Richards will lead CNU: 'We are at a tipping point'
Partnerships are key to advancing the urban placemaking agenda, says Lynn Richards, who will take over as President and CEO of the Congress for the New Urbanism on July 1.
Photo by David Cooper
Lynn Richards will take over as President and CEO of the Congress for the New Urbanism on July 1 after John Norquist steps down. Richards has worked in the Environmental Protection Agency’s Office of Sustainable Communities — known as EPA’s smart growth office — for 14 years.
She has served in a number of leadership positions, including acting director and policy director. In 2012 -2013, she was awarded a Loeb Fellowship at Harvard’s Graduate School of Design.. She has worked on White House initiatives with Congress and the Office of Management and Budget, and on strategic planning in the area of community design and development.
To get Richards’ views on her upcoming leadership of CNU, she was interviewed by Better! Cities & Towns editor Robert Steuteville.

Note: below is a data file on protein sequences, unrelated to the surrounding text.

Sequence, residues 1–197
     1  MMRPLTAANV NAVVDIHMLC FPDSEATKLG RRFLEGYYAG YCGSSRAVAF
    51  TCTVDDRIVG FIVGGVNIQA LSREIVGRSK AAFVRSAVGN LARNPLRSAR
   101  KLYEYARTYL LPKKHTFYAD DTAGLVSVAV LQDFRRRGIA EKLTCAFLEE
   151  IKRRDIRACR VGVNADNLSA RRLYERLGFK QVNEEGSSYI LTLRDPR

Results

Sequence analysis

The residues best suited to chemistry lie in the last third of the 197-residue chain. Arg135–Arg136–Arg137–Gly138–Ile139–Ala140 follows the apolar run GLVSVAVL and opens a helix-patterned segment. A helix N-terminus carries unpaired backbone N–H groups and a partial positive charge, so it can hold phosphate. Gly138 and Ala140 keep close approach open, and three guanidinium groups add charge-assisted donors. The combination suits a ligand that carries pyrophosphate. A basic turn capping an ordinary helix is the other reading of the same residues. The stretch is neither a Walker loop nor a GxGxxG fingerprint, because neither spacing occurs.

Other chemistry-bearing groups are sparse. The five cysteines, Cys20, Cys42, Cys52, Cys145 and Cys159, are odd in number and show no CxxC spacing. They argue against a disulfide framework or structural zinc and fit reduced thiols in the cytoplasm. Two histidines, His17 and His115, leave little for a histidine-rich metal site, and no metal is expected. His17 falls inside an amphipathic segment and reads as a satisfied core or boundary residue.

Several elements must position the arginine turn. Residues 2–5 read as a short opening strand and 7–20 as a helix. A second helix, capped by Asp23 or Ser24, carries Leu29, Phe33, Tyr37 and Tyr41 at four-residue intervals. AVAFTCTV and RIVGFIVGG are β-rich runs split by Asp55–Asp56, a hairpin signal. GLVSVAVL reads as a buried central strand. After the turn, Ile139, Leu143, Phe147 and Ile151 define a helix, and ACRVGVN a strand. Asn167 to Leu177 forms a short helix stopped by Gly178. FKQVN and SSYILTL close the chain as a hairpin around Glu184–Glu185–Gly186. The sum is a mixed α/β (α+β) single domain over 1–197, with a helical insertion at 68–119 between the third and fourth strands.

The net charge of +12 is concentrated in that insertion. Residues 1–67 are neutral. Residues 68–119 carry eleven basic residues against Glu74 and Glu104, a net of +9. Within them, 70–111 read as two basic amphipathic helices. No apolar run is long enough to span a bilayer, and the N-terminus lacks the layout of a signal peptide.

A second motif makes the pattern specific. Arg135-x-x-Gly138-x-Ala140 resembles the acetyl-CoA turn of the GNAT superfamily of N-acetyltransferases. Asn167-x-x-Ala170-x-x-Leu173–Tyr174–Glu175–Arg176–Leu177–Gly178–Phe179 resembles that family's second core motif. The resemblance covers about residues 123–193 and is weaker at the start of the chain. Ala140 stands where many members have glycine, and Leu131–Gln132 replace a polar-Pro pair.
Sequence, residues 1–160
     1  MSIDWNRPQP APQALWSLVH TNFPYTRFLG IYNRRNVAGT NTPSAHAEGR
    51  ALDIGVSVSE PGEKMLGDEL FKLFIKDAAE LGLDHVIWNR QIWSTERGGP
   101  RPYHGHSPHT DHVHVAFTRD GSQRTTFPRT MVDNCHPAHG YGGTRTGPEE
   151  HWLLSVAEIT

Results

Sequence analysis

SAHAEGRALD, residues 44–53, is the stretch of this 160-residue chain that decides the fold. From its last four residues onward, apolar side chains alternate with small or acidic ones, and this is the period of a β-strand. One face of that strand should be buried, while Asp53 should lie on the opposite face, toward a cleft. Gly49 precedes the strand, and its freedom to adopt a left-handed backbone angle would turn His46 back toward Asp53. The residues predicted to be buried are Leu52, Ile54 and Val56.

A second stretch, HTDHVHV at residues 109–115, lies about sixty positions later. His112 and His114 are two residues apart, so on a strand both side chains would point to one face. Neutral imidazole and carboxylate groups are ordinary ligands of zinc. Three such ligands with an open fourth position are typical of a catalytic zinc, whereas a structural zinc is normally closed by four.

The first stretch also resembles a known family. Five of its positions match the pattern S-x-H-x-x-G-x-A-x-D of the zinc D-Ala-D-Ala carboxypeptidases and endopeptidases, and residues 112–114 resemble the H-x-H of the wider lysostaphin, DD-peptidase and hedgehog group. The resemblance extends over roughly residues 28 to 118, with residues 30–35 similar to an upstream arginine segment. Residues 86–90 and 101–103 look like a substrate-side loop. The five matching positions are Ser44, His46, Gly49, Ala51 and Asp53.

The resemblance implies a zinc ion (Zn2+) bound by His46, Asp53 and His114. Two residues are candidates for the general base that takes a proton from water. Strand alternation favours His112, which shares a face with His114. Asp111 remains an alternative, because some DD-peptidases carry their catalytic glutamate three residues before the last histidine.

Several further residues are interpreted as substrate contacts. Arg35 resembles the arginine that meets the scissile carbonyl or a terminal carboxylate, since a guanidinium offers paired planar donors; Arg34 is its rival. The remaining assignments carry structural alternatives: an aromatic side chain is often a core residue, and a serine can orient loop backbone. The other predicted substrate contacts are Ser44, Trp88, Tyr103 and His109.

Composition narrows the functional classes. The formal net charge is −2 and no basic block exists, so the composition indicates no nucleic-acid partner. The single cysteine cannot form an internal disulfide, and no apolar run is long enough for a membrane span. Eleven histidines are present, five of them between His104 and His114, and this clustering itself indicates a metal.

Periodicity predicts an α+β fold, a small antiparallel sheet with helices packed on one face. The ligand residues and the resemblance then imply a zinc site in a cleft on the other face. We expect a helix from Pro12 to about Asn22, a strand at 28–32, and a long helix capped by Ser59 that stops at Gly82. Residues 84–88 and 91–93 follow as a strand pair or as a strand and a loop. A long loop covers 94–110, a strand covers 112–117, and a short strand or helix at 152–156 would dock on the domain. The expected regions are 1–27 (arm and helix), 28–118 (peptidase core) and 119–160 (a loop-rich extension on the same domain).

How close are the EPA’s smart growth program, where you worked for so long, and CNU in terms of their goals?
CNU and EPA’s smart growth program share a common purpose: to create great places with vibrant economies, people walking and biking on the street — places that people love. While EPA is a policy shop, CNU clearly is a design shop. Members are constantly identifying and designing the innovative design and development approaches. CNU defines the cutting edge in terms of community design.
Tell me about your short term plans, how you would like to begin your time at CNU?
I am in listening mode. I’ll be working part-time, meeting with the local chapters and then the board as a whole in June and talking with members. By Friday, June 6, at the Congress for the New Urbanism in Buffalo, I plan to state a little more clearly the direction I think the organization will go.
Why do you want this job — what opportunity does it present to you?
Across the country, we are at a tipping point. People are choosing to live in walkable places with a mix of uses. Demographics are supporting this trend, and local governments are responding. But more needs to be done. Local land use regulations still largely support large-lot development. CNU can play a dramatic role in moving the conversation around community design and development. That’s why I’m excited about it, and that’s why I applied for this job.